Author: John Perry
The Alaska trout are by far the real deal when it comes to size of the fish in comparison to it's fight. If you have ever seen Tie Domi fight back in his NHL days, you would understand the comparison. He was short, but strong enough to take on anyone in the league regardless of their size. A 16" Alaska rainbow trout can pull around a 20" trout from the lower 48 with ease. They are just stronger, and it comes from pure genetics and diet.
The Alaska trout have the opportunity to live off of an extremely rich protein diet for several months a year. They also have the a long cold winter where they shut down and are able to make it through with minimal food almost like the brown bears of the coast. They both rely on salmon as the major food source to get them through the winter by storing so much fat from the summer, and grow in size naturally more than trout in the lower 48 with this huge protein rich food source.
The Alagnak River is one of the major rivers in the Bristol Bay Watershed. It is actually a tributary to the massive Kvichak (Kwee-jack) river that flows from Lake Illiamna. The Alagnak River is way down the system and flows into Kvichak Bay right before it turns into Bristol Bay. What separates this river from the rest is it's equally massive runs of all salmon species. Most of the other rivers have huge runs of just Sockeye, or Chum, but the Alagnak River actually has a solid run of all 5 species of salmon. The other thing is that it is wadeable from the near the mouth all the way up to it's source, the Nonvianuk and Kukaklek lakes.
All 5 species run the river starting in late June with sockeye and kings, followed by chum, silver, and pink salmon. This happens from late June through early September. Rainbow Trout live throughout the entire system as well with the largest concentration located in the famous Alagnak River Braids. There are also Dolly Varden and Grayling in the system, and most numerous in the braided sections as well where the salmon spawn and provide nutrients for a rich aquatic life. It is the salmon though that are the basis for all this incredible life that the Alagnak has.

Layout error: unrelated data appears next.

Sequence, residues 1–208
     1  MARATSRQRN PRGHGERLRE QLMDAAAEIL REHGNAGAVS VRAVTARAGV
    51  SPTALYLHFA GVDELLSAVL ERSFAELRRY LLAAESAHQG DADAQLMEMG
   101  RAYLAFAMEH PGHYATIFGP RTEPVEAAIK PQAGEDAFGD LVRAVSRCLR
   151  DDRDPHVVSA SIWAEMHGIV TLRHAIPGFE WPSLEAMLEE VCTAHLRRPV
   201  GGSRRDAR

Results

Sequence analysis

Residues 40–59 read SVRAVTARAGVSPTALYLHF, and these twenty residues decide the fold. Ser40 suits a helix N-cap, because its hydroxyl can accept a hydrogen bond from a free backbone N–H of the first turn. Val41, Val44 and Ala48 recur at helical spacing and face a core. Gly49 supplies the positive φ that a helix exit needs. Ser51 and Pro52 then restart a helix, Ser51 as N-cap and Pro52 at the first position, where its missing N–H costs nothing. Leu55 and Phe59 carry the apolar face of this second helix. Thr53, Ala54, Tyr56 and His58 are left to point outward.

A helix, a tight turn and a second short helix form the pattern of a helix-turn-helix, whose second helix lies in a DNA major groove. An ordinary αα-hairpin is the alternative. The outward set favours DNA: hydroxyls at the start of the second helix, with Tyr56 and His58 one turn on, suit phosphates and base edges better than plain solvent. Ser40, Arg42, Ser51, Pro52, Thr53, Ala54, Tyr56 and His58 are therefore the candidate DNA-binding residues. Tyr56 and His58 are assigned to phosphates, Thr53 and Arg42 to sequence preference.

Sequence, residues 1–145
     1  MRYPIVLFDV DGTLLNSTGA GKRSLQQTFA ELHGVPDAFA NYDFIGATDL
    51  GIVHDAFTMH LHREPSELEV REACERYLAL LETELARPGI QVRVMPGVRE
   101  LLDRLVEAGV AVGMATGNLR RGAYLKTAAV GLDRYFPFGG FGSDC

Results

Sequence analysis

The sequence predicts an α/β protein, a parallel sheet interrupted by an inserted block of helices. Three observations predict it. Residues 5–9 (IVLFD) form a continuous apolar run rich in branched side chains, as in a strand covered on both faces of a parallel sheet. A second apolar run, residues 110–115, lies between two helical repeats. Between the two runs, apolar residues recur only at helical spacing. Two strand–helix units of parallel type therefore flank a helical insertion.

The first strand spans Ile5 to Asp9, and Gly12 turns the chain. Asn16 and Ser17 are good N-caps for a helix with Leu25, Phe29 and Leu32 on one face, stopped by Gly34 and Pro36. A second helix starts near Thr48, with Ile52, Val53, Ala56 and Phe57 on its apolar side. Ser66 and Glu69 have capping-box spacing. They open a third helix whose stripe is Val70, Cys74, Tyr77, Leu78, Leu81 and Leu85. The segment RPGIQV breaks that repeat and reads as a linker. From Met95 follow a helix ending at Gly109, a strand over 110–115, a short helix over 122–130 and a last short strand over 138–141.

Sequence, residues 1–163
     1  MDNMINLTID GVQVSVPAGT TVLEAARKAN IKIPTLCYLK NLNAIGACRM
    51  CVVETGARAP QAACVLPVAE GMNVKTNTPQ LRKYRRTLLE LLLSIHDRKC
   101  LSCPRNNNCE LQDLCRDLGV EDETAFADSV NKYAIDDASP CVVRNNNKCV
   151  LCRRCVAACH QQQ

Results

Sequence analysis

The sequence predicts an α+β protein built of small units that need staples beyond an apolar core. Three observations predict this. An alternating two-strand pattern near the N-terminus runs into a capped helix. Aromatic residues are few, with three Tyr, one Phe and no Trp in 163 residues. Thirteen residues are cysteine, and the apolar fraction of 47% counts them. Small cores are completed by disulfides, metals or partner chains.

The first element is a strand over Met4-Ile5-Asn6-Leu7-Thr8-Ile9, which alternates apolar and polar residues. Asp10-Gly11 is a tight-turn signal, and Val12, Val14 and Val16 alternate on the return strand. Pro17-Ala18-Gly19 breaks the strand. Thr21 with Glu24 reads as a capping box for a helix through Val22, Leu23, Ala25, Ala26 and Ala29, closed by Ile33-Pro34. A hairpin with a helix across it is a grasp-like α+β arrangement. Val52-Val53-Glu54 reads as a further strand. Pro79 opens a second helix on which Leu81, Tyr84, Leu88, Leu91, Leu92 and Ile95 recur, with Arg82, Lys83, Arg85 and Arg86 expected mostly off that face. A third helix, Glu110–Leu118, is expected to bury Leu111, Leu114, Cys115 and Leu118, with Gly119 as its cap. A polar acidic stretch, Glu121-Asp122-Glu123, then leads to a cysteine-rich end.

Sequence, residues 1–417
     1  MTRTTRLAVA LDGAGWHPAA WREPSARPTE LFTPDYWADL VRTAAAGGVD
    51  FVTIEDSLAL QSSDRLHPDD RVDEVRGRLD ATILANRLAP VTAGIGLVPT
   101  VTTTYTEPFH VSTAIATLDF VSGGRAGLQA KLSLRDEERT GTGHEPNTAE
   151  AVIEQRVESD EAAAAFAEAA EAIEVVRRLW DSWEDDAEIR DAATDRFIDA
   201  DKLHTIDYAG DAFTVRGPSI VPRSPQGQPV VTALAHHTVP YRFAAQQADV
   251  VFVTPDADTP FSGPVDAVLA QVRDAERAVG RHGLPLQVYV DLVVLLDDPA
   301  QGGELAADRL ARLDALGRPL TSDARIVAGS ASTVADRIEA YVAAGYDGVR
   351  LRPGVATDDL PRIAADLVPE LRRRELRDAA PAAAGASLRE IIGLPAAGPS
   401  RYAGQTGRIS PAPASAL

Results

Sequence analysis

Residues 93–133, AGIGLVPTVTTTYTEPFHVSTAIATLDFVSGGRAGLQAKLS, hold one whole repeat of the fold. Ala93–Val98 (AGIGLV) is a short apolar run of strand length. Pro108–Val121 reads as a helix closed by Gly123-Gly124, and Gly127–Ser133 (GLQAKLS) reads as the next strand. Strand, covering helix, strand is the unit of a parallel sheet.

The Bristol Bay Area encompasses such a large area that it is actually hard to comprehend. It is approximately 40,000 square miles. This is about the size of the entire state of Ohio! This region also has hundreds of streams, lakes, and rivers that all empty into Bristol Bay. It runs from the Togiak River system to the West all the way around to the Ugashik River System to the South. This area has the largest wild salmon population in the world! The sockeye salmon are the most numerous of the salmon species and number in the millions. Some years they have returns in the 50 plus million range!
Anglers from all over the world descend onto this amazing area to target all 5 species of Pacific salmon as well as rainbows, grayling, char, and dolly varden. The salmon run during specific times depending on their species. Starting in mid June with kings and sockeyes and finishing up in September with the silver salmon. The mighty chum ( also known as calico or chum salmon ) and pink salmon run mid summer with the pink salmon only running on the even years.
There are so many lodges and do it yourself areas in Alaska that boast about catching "Trophy Alaska Rainbows".
So...What constitutes a "Trophy Alaska Rainbow"